Comics Art LA Recap LA's new fest starts with a bang.
As I stepped into the gallery where Comic Arts LA was being held this past Saturday, the mood was incredibly peaceful and beautiful. Natural light flooded the room, bathing the empty white walls and tables with an otherworldly glow. The air was full of quiet possibility.
I, on the other hand, was a wreck. I was about to premiere my new comic book and be an exhibitor at a convention for the first time ever. I was feeling anxious, wondering would I sell any books, would I meet anyone cool, would people spot me as a newbie a mile away?
My fears were soon abated when I met a few of the other exhibitors. They were all super talented, and we had tons of stuff in common, like experience drawing caricatures (Rachel Dukes) and a love for West Wing (Ellen T. Crenshaw). There was even another first-time exhibitor like me (Andrea Bell)!
By the end of the day, I’d met some great people (not to mention one of my heroes, Scott McCloud), had a blast, and was super grateful to have sold about 75 copies of my first book. I’d chalk that up as a massive success.
Here are the big things I learned:
- Friends rule, people are nice.
The first folks to show up at my table were my friends Rom, Rachel, Crystal, Luke and Logan. It was so great to kick off the show with familiar faces! Thanks to everyone who stopped by – it really made the event fun. Secondly, every new person I met was super nice and excited to be there. The place was filled with a positive vibe, and the attendees were a huge part of this. The enthusiasm for the artform was palpable!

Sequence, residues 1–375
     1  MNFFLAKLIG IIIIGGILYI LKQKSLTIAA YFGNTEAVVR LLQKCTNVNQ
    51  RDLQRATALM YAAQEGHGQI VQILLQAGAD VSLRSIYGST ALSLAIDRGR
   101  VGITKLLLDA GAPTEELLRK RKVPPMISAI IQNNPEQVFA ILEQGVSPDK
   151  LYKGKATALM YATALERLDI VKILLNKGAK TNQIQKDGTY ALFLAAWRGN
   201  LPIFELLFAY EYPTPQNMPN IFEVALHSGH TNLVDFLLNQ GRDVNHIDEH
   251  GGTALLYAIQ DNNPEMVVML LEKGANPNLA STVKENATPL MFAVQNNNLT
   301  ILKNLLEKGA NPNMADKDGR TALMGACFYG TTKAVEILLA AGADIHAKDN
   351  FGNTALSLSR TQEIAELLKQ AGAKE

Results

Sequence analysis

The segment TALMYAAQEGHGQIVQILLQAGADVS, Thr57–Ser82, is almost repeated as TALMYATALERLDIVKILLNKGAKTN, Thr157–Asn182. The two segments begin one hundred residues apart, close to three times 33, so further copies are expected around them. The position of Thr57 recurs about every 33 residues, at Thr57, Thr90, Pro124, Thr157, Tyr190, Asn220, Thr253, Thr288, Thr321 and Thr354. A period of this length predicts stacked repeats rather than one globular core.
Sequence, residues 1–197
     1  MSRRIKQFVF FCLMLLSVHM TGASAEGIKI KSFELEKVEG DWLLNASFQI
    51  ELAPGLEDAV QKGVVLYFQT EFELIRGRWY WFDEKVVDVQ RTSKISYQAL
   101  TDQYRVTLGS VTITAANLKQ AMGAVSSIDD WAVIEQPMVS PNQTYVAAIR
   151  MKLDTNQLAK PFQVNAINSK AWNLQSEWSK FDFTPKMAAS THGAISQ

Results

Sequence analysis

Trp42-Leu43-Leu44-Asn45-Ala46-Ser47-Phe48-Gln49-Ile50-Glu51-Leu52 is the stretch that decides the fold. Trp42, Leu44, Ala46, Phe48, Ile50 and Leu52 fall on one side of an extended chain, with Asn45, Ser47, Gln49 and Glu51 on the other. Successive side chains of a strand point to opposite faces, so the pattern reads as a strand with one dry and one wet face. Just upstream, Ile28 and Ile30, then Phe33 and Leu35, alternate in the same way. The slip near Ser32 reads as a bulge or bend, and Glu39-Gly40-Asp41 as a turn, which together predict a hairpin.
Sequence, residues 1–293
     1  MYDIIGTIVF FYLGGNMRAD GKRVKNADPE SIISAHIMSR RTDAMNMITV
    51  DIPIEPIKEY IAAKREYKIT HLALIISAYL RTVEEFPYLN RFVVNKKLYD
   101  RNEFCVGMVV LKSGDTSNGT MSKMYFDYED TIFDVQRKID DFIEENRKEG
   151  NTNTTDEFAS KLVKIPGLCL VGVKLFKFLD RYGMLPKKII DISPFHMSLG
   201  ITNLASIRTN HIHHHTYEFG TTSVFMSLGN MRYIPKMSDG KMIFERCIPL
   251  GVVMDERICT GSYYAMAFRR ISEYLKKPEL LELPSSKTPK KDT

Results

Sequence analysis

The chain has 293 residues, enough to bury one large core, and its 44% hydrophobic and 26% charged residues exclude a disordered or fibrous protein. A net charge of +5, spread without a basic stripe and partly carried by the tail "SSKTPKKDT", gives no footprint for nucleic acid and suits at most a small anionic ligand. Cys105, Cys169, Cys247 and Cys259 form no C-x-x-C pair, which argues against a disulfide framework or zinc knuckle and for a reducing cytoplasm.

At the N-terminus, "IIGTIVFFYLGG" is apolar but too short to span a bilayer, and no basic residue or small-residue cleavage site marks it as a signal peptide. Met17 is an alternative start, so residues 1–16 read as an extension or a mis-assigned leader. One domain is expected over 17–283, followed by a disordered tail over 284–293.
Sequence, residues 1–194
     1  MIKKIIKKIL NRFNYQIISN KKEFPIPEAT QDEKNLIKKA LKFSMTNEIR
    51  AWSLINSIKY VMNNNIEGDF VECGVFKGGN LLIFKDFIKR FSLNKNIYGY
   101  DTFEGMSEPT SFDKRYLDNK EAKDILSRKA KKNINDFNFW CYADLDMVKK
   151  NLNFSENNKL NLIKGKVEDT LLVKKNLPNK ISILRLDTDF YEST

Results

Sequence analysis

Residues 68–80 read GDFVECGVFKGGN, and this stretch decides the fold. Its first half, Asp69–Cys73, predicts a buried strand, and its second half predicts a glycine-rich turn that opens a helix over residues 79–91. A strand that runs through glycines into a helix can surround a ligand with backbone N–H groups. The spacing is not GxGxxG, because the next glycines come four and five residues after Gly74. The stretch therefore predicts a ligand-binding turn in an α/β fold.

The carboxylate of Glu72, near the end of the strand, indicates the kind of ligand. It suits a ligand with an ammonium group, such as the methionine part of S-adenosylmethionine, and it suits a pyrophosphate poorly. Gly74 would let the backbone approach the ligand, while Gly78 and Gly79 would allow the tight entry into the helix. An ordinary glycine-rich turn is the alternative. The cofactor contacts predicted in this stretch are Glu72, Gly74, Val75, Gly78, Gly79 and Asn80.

- Exhibiting is an art: hard sell vs. laid back
I wasn’t sure what technique is best for engaging the attendees. Do I sit quietly until spoken to? Do I turn up the hustle like a carnival promoter? Turns out I tend a little more towards the latter (without being insincere, hopefully). I really enjoyed handing out my “magical” stickers and candy to the folks that strolled by, striking up conversations about my comic and finding out what they were into. I met curious film industry types, green-haired rocker chicks, animation students, even a couple on date night who just happened to stumble upon the convention. Connecting with new folks was one of the highlights of the day.
- Being on for 8 hours is hell
I got a ton of energy from all the interactions, but by the end of the day, I was completely fried! I underestimated how taxing eight hours of engaging can be. On the positive side, the venue was so full that I barely had time to eat more than a bite of trail mix or a swig of water before there were new people to engage.
- But totally worth it
Towards the end of the day, someone asked me how the experience had been. I said that while I have literally no prior exhibiting experience to compare it with, I was confident that it would end up being a pinnacle experience in my artistic career. Finishing my first comic and then sharing it with such an enthusiastically receptive public was one of the best feelings I’ve had in a long time.
All in all, CALA was a great con and I cannot recommend it more highly. The organizers are on point, the volunteers were awesome, the crowd is incredibly diverse (for both exhibitors and attendees), and attendance was through the roof! I couldn’t be more thrilled that my comic is now in the world, and that the inaugural CALA was the place I launched it from.
If you’re interested in learning more about my comic or joining me on my journey, sign up for my mailing list, or click the “comics” tab above to check out some of the early chapters of my book.
Exhibiting at CALA Inaugural Year!
I'm thrilled to announce that I'll be exhibiting at Comic Arts Los Angeles this year. It's the inaugural year for this festival, and my first time exhibiting at a con. To say I'm excited would be an understatement! I'll have an announcement about what I'll be selling in a few days, but for now, here's a map of where I'll be sitting, and more info on the date and time. If you're anywhere near LA next Saturday, it'd be great to see you there!
A convention of independent comic artists.
Saturday, December 6th - 10am to 6pm
Think Tank Gallery - 939 Maple Ave. 90015
Free and Open to the Public